All of these Iranian-backed groups are active in Syria, though the atrocities they have committed have rarely been reported. The groups' tactics differ little from those used by ISIS. In 2020, for example, Shia militias were involved in the beheading of civilians, the forceful displacement of civilians, and the looting of property in towns where the Iranian-backed groups have control.
The anti-Assad bloc has aimed to overthrow the Assad regime by supporting moderate opposition groups, though the bloc does turn its attention to defeating jihadist groups when Al Qaeda and ISIS actively engage in the conflict in Syria.
The United States is the most active player in Syria when it comes to the involvement of Western countries that aim to achieve two goals: (1) support opposition groups in their efforts to overthrow the Assad regime and (2) defeat jihadist terrorist groups. According to the U.S. Department of State, there is no military solution to the Syrian conflict. The U.S. government is the largest donor to the humanitarian response in Syria with a contribution of more than $10 billion, and it continues to provide nonhumanitarian assistance to the moderate opposition groups in southwest and northwest Syria. One of these groups, the Kurdish-led Syrian Democratic Forces (SDF), was formed in 2015 by several Kurdish groups and is seen as instrumental in efforts to drive ISIS out of the region. The SDF also has received support from the U.S.-led coalition in northern Syria; however, the United States has plans to withdraw its soldiers from Syria and reduce its military capacity in that country.
The European Union has a weaker presence in Syria, and the organization is more concerned about refugee-related humanitarian costs and terrorism issues. The European Union insists that it cannot play a leading role and can only support the United Nations' efforts to resolve the Syrian conflict. France, an E.U. country, and the United Kingdom, a former E.U. country, are part of the U.S.-led coalition in Syria.
Most of the Gulf States have played a critical role in the Syrian conflict. Saudi Arabia and Qatar, for example, joined Turkey to give financial and diplomatic support to the Syrian opposition in the early years of civil war. Qatar spent $3 billion in the first two years of the conflict to support to Syrian opposition and was accused of fueling the war by sending 15 cargo planes full of weapons into Turkey. International reports underline that Qatar has funneled millions of dollars to Al Qaeda-affiliated groups in Syria. In a similar move, Saudi Arabia supported rebel groups and provided them with logistics and weapons. Such action is not surprising, given that the Saudi regime has tried to expand both ideologies in different parts of the world by joining or supporting jihadist groups.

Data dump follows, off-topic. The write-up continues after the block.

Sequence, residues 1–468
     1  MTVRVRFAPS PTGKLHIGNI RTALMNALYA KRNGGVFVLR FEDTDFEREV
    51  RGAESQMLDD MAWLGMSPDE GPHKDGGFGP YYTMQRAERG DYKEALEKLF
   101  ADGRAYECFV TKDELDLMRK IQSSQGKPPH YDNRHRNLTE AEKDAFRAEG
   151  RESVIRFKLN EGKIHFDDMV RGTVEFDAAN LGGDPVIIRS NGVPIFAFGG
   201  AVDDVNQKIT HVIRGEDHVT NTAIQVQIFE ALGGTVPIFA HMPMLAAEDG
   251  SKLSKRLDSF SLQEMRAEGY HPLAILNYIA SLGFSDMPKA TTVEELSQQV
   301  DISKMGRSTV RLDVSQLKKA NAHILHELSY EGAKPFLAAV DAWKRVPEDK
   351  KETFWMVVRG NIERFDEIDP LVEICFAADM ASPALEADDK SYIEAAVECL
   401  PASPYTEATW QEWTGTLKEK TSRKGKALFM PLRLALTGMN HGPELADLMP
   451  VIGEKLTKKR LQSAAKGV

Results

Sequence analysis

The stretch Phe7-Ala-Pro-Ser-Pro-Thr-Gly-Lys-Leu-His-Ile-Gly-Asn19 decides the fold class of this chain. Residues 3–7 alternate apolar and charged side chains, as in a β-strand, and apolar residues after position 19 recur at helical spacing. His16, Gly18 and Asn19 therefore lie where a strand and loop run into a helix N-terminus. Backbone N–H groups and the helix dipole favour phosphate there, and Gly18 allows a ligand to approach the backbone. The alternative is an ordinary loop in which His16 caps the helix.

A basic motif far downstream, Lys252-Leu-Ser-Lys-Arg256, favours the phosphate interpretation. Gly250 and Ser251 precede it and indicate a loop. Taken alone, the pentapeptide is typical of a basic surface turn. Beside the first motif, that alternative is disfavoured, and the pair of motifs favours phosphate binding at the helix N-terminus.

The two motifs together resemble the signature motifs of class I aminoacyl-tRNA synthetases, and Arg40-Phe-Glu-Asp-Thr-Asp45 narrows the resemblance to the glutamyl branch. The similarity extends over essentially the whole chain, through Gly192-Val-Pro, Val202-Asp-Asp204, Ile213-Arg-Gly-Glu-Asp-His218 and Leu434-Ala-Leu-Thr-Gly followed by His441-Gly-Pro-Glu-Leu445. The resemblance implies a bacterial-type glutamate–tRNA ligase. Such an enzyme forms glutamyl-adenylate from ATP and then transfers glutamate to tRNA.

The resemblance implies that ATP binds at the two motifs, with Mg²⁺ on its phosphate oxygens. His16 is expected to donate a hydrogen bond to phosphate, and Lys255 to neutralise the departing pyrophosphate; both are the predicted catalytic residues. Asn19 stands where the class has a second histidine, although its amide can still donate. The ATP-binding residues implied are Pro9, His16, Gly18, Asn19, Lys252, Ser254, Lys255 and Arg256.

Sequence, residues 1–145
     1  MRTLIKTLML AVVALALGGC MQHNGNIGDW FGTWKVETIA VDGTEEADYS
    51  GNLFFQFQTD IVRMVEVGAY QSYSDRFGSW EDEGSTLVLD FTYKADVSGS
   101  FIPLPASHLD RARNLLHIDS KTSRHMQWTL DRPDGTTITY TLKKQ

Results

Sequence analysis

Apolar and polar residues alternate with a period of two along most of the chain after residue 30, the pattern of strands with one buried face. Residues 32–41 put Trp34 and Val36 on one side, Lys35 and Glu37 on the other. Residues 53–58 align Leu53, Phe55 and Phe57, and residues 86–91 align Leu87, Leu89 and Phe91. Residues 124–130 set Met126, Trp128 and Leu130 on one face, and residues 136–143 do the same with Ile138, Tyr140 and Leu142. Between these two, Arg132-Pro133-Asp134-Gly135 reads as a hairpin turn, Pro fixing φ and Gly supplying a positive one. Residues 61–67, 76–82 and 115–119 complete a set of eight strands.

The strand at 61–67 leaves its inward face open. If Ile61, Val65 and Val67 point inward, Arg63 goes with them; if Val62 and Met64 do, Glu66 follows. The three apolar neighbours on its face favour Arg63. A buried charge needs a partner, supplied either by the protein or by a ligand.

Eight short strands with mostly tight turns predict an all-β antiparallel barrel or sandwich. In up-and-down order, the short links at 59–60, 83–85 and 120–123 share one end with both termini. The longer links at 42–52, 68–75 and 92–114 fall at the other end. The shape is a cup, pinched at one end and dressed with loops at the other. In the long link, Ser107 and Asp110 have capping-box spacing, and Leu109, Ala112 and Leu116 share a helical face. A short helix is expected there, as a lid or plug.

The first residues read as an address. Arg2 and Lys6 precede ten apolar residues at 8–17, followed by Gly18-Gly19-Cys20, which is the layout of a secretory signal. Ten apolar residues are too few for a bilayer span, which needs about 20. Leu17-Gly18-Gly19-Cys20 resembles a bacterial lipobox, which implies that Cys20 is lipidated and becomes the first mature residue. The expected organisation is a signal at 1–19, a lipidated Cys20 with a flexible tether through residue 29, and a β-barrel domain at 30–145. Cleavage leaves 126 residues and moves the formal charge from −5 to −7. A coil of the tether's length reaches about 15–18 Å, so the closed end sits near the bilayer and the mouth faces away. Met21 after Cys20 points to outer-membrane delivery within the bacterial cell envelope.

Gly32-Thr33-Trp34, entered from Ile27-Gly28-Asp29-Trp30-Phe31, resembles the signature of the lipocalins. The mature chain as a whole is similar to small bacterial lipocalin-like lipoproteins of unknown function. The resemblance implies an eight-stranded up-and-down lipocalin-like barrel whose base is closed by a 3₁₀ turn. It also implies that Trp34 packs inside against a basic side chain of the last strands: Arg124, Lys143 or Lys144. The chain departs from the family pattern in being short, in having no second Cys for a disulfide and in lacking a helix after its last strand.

Turkey has been one of the most critical game players in Syria. Recent publications in the Western world have labeled Turkey as an "uncertain ally" or "mafia state", though no one had predicted Turkey's inconsistent policies in Syria. It appears that Turkey aims to overthrow the Assad regime, but the actions it has taken toward that end are confounding, in that Turkey has given support to rebel groups without first determining whether those groups are or are not terrorist organizations. It is obvious, however, that the Syrian conflict has served as an excuse for the Turkish government to exploit its Syrian refugee population as leverage against the European Union. Whenever the Turkish government's popularity wanes or it loses votes at the polls, it increases the use of nationalistic rhetoric with calls for military incursions into Syria. These military campaigns have led to collateral damage and the killing of civilians. According to an interview by the author with a former F-16 fighter pilot, he and his fellow Turkish pilots were against bombarding the target points given to them by officials in Ankara in 2015 but were forced to do so even after reporting that civilians were at risk of being killed.
A significant majority of ISIS and Al Qaeda militants have used Turkish borders to illegally travel to Syria and join terrorist groups. ISIS also has used Turkey to generate money from oil smuggling and antiquities trafficking. Turkey, in turn, has purchased petroleum from ISIS. The Syrian antiquities were transferred through Turkey en route to target countries in Western Europe. The Turkish police officers and prosecutors involved in two separate investigations of the illegal transfer of chemical and nonchemical weapons to Syria in early 2014 were tortured, put in solitary confinements, and labeled as terrorists.
Turkey not only turned a blind eye to ISIS activities in Syria but also allowed more than 2,000 Turkish jihadists to join ISIS. No one knows the whereabouts of these jihadists after ISIS fell from power—even though Western countries traced the identities of the militants from their home countries and tracked them globally. Salafism has expanded in Turkey, and one of the police officers who was inspired by Jabhat al Nusra, an Al Qaeda affiliated group in Syria, killed Russia's ambassador to Ankara in 2016. Turkey also conducted ISIS investigations for show and released data on ISIS arrestees in Turkish prisons, though no one has found these numbers reliable.
Turkey's favors to ISIS have paid off. An analysis of ISIS attacks in Turkey indicated suspicious relationships between Turkish intelligence officials and terrorist organization existed in 2014 and 2015. ISIS attacks occurred, coincidentally, when the Turkish government needed public support. For example, when President Recep Tayyip Erdogan's Justice and Development Party (Adalet ve Kalkinma partisi, or AKP) lost its majority in June 2015 elections, Turkey reported that ISIS militants had killed around 200 civilians militants. The AKP then used that incident and predicted more terrorist threats in the future to scare Turkish citizens into voting for the ruling party in the November 2015 elections. The scare tactic worked; the AKP won a majority of the votes cast.